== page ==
"The Blessed One said, "What is the All? Simply the eye & forms, ear & sounds, nose & aromas, tongue & flavors, body & tactile sensations, intellect & ideas. This, monks, is called the All. [1] Anyone who would say, 'Repudiating this All, I will describe another,' if questioned on what exactly might be the grounds for his statement, would be unable to explain, and furthermore, would be put to grief. Why? Because it lies beyond range.""

We can only directly know phenomena within this ‘world of experience’, so from the Theravadin perspective, we cannot know whether there really exists a ‘brain’ or a ‘body’ apart from moments of intellectual consciousness, of seeing (the image of a brain), and so on. The discourses of the Pali describe an individual world of experience as composed of various mental and physical factors, nama and rupa. These two are not the separate, independent worlds that Rene Descartes envisioned.

What about body being like a senseless log without consciousness?
""When this body lacks these three qualities — vitality, heat, & consciousness — it lies discarded & forsaken like a senseless log.""
http://www.accesstoinsight.org/tipitaka ... .than.html" onclick="window.open(this.href);return false;
Body can be without consciousness.

Or beings that exist as matter without mind?
Vibhaṅgapāḷi PTS 419 it says this about Asaññasattā:
1017.... Asaññasattānaṃ devānaṃ upapattikkhaṇe eko khandho pātubhavati – rūpakkhandho; dve āyatanāni pātubhavanti – rūpāyatanaṃ, dhammāyatanaṃ; dve dhātuyo pātubhavanti – rūpadhātu, dhammadhātu; ekaṃ saccaṃ pātubhavati – dukkhasaccaṃ; ekindriyaṃ pātubhavati – rūpajīvitindriyaṃ. Asaññasattā devā ahetukā anāhārā aphassakā avedanakā asaññakā acetanakā acittakā pātubhavanti.

Please note that rūpakkhandho is present even though there are no mental things such as: vedanā, saññā, cetanā, citta.

So rūpakkhandha can exist independent of mind, and there can be factors that are not experienced.
"Life is a struggle. Life will throw curveballs at you, it will humble you, it will attempt to break you down. And just when you think things are starting to look up, life will smack you back down with ruthless indifference..."

User avatar
tiltbillings
Posts: 23044
Joined: Wed Dec 31, 2008 9:25 am

Re: Is Theravada "Realist"?

Post by tiltbillings » Sun Sep 25, 2011 10:06 pm

Alex123 wrote: . . . .
Quite frankly Alex, I don't care, because it doesn't matter. You'll need to find someone else with whom to argue.
>> Do you see a man wise [enlightened/ariya] in his own eyes? There is more hope for a fool than for him.<< -- Proverbs 26:12

This being is bound to samsara, kamma is his means for going beyond. -- SN I, 38.

“Of course it is happening inside your head, Harry, but why on earth should that mean that it is not real?” HPatDH p.723

User avatar
Alex123
Posts: 3476
Joined: Wed Mar 10, 2010 11:32 pm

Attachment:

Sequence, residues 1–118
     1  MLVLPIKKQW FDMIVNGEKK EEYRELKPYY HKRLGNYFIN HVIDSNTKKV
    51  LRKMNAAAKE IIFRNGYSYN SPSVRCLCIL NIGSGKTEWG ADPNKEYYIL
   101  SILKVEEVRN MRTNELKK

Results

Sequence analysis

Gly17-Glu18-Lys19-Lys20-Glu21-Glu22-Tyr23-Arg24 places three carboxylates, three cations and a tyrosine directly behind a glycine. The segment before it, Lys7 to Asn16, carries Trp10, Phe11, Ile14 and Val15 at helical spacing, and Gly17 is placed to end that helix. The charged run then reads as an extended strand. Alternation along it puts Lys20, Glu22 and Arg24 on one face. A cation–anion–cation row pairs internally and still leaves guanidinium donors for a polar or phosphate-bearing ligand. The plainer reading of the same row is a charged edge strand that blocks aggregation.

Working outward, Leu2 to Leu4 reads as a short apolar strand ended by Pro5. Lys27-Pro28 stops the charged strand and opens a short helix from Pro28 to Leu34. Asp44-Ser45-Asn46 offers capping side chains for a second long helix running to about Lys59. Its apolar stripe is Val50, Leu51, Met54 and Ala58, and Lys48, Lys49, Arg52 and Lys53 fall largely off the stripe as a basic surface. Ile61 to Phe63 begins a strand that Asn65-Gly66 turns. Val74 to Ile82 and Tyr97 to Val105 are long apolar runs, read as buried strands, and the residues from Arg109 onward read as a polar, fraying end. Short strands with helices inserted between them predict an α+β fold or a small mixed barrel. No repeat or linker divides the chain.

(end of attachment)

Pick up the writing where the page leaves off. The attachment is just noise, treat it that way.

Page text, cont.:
Re: Is Theravada "Realist"?

Post by Alex123 » Mon Sep 26, 2011 12:00 am

tiltbillings wrote:
Alex123 wrote: . . . .
Quite frankly Alex, I don't care, because it doesn't matter. You'll need to find someone else with whom to argue.
Tilt, i am discussing not arguing. If my tone of voice is inappropriate, then i am sorry, i didn't meant that. I am discussing this thread which is titled "Is Theravada Realist"?. Those who want to discus this issue are welcomed to post here. You have posted, and i have answered.
"Life is a struggle. Life will throw curveballs at you, it will humble you, it will attempt to break you down. And just when you think things are starting to look up, life will smack you back down with ruthless indifference..."

danieLion
Posts: 1947
Joined: Wed May 25, 2011 4:49 am

Re: Is Theravada "Realist"?

Post by danieLion » Mon Sep 26, 2011 12:39 am

tiltbillings wrote:Now, if you want to actually learn something about Buddhist history I can suggest a book or two for you to read.
Yes, please.

danieLion
Posts: 1947
Joined: Wed May 25, 2011 4:49 am

Re: Is Theravada "Realist"?

Post by danieLion » Mon Sep 26, 2011 12:42 am

daverupa wrote:My earlier :focus: was because I was off-topic, not anyone else. Alas for confusion on teh internetz. :computerproblem:
LOL! Thanks Dave. I realized you were referring to yourself falling asleep last night. I apologize for any confusion I cause.

danieLion
Posts: 1947
Joined: Wed May 25, 2011 4:49 am

Re: Is Theravada "Realist"?

Post by danieLion » Mon Sep 26, 2011 12:51 am

tiltbillings wrote:

Recall that from the perspective of the Buddha’s teachings in the Pali, the ‘All’ {SN IV 15} is composed entirely of phassa, contact between sense base and sense object. We can only directly know phenomena within this ‘world of experience’, so from the Theravadin perspective, we cannot know whether there really exists a ‘brain’ or a ‘body’ apart from moments of intellectual consciousness, of seeing (the image of a brain), and so on. The discourses of the Pali describe an individual world of experience as composed of various mental and physical factors, nama and rupa. These two are not the separate, independent worlds that Rene Descartes envisioned.

"…the Buddha spoke of the human person as a psychophysical personality (namarupa). Yet the psychic and the physical were never discussed in isolation, nor were they viewed as self-subsistent entities. For him, there was neither a ‘material-stuff’ nor a ‘mental-stuff’, because both are results of reductive analyses that go beyond experience."53

The physical and mental aspects of human experience are continually arising together, intimately dependent on one another.

53 Kalupahana 1976: 73, refers to D.15{II,62}, where the Buddha speaks of both
physicality and mentality mutually dependent forms of contact (phassa).
Physicality is described as contact with resistance (pat.ighasamphassa),
mentality as contact with concepts (adhivacanasamphassa).


STRONG ROOTS by Jake Davis, page 190-1. http://www.dharma.org/bcbs/Pages/docume ... gRoots.pdf" onclick="window.open(this.href);return false;
:goodpost:

Post Reply

Who is online

Users browsing this forum: dharmacorps, Lankamed, Majestic-12 [Bot], Volovsky and 92 guests